Trump Tells NRA President Not To Fear: Background Checks Are Off The Table

ATLANTA, GA - APRIL 28:  President Donald Trump is applauded by Wayne LaPierre (L),  executive vice president and CEO of the NRA, during the NRA-ILA's Leadership Forum at the 146th NRA Annual Meetings & Exhibits on April 28, 2017 in Atlanta, Georgia. The convention is the largest annual gathering for the NRA's more than 5 million members. Trump is the first president to address the annual meetings since Ronald Reagan.  (Photo by Scott Olson/Getty Images)
ATLANTA, GA - APRIL 28: President Donald Trump is applauded by Wayne LaPierre (L), executive vice president and CEO of the NRA, during the NRA-ILA's Leadership Forum at the 146th NRA Annual Meetings & Exhibits ... ATLANTA, GA - APRIL 28: President Donald Trump is applauded by Wayne LaPierre (L), executive vice president and CEO of the NRA, during the NRA-ILA's Leadership Forum at the 146th NRA Annual Meetings & Exhibits on April 28, 2017 in Atlanta, Georgia. The convention is the largest annual gathering for the NRA's more than 5 million members. Trump is the first president to address the annual meetings since Ronald Reagan. (Photo by Scott Olson/Getty Images) MORE LESS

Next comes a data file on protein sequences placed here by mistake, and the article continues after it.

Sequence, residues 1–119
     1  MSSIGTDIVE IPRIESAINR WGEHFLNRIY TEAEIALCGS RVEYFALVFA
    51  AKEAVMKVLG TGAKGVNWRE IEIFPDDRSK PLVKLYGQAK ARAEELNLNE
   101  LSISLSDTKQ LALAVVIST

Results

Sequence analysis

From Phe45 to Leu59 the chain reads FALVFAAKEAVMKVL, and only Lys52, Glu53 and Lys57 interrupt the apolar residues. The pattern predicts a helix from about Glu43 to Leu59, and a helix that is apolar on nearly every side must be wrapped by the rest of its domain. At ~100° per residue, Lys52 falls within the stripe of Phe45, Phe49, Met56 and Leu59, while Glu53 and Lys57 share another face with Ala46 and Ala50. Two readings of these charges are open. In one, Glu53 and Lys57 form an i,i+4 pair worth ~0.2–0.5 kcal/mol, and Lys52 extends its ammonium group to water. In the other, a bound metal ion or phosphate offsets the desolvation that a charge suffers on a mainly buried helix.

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August 21, 2019 7:41 am
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President Trump called National Rifle Association executive Wayne LaPierre on Tuesday to reassure him he wasn’t hedging on background check legislation anymore: the whole ordeal was off the table, according to a new report in the Atlantic.

In the immediate aftermath of mass shootings in El Paso, Texas and Dayton, Ohio earlier this month Trump told reporters that he wanted to work with Congress to pass bipartisan legislation on “meaningful” background checks. While a White House official told the Atlantic that “meaningful” background checks — as opposed to universal — were still being considered, Trump reportedly told LaPierre not to fret about the issue.

“He was cementing his stance that we already have background checks and that he’s not waffling on this anymore,” a former senior White House official told the Atlantic. “He doesn’t want to pursue it.”

Trump also reportedly told LaPierre that he would focus instead on “increasing funding” for mental health care and pushing attorneys general to prosecute gun violence as a federal crime, according to the ex-White House source.

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